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Page last updated at 10:37 GMT, Monday, 2 August 2010 11:37 UK
Cattle and ponies graze on Holt Heath
Cattle in a field (generic)
Small numbers of cattle can "reverse deterioration" on the heath

Cattle and ponies are returning to Holt Heath near Wimborne for the first time in 50 years.

The joint project between the National Trust and Natural England aims to re-establish the pastoral landscape that Thomas Hardy would have recognised.

The heath will be grazed by 35 Angus cross cattle and six New Forest ponies.

They will cover over 400 hectares of rare lowland heathland which is a National Nature Reserve and a Site of Special Scientific Interest.

According to the National Trust these breeds are ideally suited to bringing the grass and gorse on the heath under control and enabling more delicate heathland plants to thrive.

Since World War II, the lack of grazing has resulted in the increase of scrub, while areas of wet heath have become overgrown with purple moor grass.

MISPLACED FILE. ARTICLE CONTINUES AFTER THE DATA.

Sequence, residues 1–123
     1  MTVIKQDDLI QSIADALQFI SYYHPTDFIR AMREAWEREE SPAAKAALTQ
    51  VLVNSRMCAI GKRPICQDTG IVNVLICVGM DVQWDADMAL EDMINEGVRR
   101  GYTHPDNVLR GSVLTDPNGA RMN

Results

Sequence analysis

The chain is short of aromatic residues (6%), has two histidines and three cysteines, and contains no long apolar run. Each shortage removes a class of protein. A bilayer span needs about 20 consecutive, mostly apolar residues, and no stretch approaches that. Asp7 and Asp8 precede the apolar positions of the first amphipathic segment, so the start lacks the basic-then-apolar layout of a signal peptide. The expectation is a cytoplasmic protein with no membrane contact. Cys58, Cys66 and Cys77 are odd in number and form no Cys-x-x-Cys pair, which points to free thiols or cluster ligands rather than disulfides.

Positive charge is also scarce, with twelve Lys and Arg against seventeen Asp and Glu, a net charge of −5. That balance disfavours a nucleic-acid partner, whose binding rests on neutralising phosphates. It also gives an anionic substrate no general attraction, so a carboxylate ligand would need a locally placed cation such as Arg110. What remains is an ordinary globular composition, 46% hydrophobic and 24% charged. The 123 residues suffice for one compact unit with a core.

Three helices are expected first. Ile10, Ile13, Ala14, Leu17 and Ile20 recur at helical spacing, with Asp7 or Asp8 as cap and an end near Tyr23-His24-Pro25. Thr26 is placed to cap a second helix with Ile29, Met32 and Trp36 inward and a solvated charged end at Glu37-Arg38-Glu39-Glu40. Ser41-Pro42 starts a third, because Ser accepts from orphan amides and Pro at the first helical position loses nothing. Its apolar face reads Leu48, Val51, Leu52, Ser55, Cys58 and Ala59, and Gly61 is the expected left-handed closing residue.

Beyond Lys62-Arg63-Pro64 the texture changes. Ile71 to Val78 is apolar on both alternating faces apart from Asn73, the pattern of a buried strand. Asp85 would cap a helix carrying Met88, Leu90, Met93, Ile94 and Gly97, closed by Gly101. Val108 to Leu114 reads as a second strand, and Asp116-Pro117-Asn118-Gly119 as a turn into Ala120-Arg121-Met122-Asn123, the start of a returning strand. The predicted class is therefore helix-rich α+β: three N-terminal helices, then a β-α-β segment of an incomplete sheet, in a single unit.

'Essential'

Nigel Chalk, garden and countryside manager for the National Trust said: "Relatively small numbers of cattle and ponies can reverse this deterioration.

"Browsing helps to suppress the growth of scrub and ponies will nibble the tender growing shoots of gorse which have not yet developed their sharp spines.

"On the wet heath, a mosaic of shorter patches of vegetation with taller patches in between will develop. This variety of vegetation height is crucial.

"Shorter patches are essential for many low-growing and small plants such as sundews and marsh gentian and they are also required by some ground-nesting birds and invertebrates."

It is wonderful to see grazing return to Holt Heath.
Ian Nicol from Natural England

A local estate tenant has been given the contract to look after the animals.

Cattle grids have been installed on two roads which cross the heath along with 11km (7 miles) of fencing and 30 new gates.

These have been funded by the Heritage Lottery Fund and Natural England.

There is also a new 40mph speed limit on the roads across the heath.

These changes mean the animals can range freely.

Ian Nicol, from Natural England, said: "It is wonderful to see grazing return to Holt Heath.

"We know from the re-establishment of grazing on many other heathland sites in Dorset that we will start to see the benefits in the structure and species composition of the vegetation within just a few years."




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